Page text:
A quick word of introduction: I'm James Pearce, the new dotMobi CTO. I've been working with the mobile web for over seven years now, and I'm excited about this. 2007 feels like it really could be the year that the mobile web starts to build up momentum.
In short, the iPhone can only be good for all of us — the .mobi domain included.
Firstly, the launch. Steve Jobs is the ultimate technology showman, and with his keynote, he showed that he can bring glamour, excitement, and design credibility — not to mention sheer consumer glee — to the mobile phone industry. The column inches the iPhone has garnered in a few days must surely have been a wake up call to every other handset manufacturer. Many of them have brands that you would hardly call weak, and yet the buzz from this one manufacturer about this one device has been enviable in almost all respects.
The device itself is certainly exciting, and exactly the sort of gadget you'd expect from Apple. I won't run through the lengthy specifications here ;-) but it's clearly designed with more than plain voice telephony in mind. The device appears to have a very balanced approach to its three main functions: phone, internet device and wide-screen iPod. (Indeed Jobs teased his audience by suggesting he was going to be announcing three separate products).
For all us mobile web fans, one area of particular interest is the browser. The phone runs a limited variant of Apple's desktop operating system, OS X, and hence the iPhone will be shipped with the platform's Safari browser. Jobs really played this up at the show, showing how rich web sites could be accessed, and positioning the browser's support for AJAX: "we've got Google Maps!".
But wait a second... Safari is based on the WebKit browser project. And so is the S60 browser. And the S60 browser appears on many Symbian handsets today, and has done for almost a year. Can it really be true that Steve Jobs' fully-fledged-browser-on-a-phone story is not so innovative after all?
Well, yes. I've been a fan of the S60 browser (on the Nokia N80 phone) since last spring. I've been able to access rich, complex web sites on it. And yes, I've been using Google Maps too! So a glib answer to the question about how the iPhone affects dotMobi is… that it affects it in exactly the same way as many of today's phones do.
And that way, I believe, is positive.
How so? Well, if one believes that dotMobi is only concerned about ensuring bijou web pages for limited devices, then my position may be hard to understand. Why access a lightweight .mobi site when your browser (S60, Safari, whatever) supports arbitrary, heavy-weight .com sites? (Although there's currently an easy answer to that too — at least if you're not on a flat-rate data tariff :-) )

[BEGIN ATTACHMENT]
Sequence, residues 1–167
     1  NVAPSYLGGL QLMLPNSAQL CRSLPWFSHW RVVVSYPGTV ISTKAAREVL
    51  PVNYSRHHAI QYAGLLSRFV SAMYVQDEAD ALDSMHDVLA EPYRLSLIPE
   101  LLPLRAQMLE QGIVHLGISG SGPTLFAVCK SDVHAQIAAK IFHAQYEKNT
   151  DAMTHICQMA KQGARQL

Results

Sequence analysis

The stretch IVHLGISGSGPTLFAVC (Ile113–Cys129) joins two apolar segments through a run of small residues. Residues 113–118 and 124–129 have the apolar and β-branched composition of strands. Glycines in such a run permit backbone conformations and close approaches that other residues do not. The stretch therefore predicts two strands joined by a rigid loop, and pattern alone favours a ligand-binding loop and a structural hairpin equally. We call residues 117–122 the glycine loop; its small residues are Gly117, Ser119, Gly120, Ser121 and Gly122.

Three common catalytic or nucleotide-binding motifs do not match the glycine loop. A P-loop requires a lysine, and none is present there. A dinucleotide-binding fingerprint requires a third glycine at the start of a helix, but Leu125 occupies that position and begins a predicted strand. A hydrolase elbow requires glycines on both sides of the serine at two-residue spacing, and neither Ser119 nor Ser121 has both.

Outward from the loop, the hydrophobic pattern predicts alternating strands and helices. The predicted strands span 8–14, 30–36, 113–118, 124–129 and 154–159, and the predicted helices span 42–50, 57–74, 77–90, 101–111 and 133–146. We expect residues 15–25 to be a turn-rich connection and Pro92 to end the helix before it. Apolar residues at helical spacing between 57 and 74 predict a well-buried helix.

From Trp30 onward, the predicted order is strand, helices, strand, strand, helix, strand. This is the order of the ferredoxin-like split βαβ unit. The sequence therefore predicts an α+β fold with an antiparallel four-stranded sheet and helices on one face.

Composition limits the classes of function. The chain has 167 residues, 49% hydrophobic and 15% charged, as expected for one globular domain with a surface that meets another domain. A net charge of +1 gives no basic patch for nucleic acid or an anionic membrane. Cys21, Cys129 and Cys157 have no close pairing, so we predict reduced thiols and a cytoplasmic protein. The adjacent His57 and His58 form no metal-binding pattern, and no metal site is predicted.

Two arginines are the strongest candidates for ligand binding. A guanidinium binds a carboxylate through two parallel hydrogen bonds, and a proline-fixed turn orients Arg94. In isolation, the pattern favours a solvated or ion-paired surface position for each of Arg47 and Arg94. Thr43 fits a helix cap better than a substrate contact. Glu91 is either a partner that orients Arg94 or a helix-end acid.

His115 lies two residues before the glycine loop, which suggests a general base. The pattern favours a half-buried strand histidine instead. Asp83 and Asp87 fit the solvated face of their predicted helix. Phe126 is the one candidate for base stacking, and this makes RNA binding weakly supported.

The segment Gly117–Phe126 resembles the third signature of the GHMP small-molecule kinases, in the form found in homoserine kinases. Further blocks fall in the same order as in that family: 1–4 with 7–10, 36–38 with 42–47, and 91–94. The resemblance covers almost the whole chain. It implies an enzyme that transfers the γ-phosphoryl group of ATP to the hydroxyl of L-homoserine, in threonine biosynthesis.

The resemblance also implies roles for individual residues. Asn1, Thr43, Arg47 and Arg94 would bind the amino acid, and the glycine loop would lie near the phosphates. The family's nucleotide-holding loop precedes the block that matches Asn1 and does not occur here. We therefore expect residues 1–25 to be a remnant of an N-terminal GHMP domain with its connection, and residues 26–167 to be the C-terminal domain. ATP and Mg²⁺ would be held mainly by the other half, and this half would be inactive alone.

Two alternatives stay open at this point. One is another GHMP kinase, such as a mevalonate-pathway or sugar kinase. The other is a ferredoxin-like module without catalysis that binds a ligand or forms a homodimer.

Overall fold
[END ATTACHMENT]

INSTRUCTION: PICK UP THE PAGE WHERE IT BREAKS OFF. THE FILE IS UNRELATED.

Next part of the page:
But here's the thing. I believe .mobi is about so much more than just small, compliant markup that will reliably work on all handsets. It's also about the context of mobility: it's about a web user inferring that the provider of the site has thought through what he or she, on the move, wants to do on that site.
Or to put it another way, with an acid test: if I was on the move, was running Internet Explorer 7 or Firefox 2 on my phone, and I knew that the site I want has both .com and .mobi addresses, which would I choose?
It's easy: device and browser regardless, I still want to go to the site that targets my particular context (a human on the move). And that would be the .mobi address.
Which might suggest that the iPhone makes no difference to dotMobi! But that's not true either. Don't forget the marketing power of the Apple brand — coupled with the extent to which many anticipate they will be promoting the iPhone as a mobile web device. That will undoubtedly give the meme of accessing data services from a mobile greater and greater mass market acceptance. Everyone who thought they were simply upgrading their iPod (or just upgraded their mobile subscription to get an elegant new phone) will in fact be signing up to Apple's vision of mobile web access.
Suddenly the mobile web will be default. Suddenly the mobile web will be accessible. Suddenly the mobile web will be cool.
And for that reason alone, the iPhone is great for dotMobi — and of course great for the mobile web as a whole.
Written by James Pearce, dotMobi VP of Technology
About Afilias - Mobile & Web Services
Afilias Technologies Limited, a wholly owned subsidiary of Afilias plc, is an expert provider of mobile and web technologies that help companies to reach their customers, regardless of device, content, or context. Products include the DeviceAtlas device intelligence solution, the goMobi mobile website publishing solution and Developer tools such as mobiReady. Learn More
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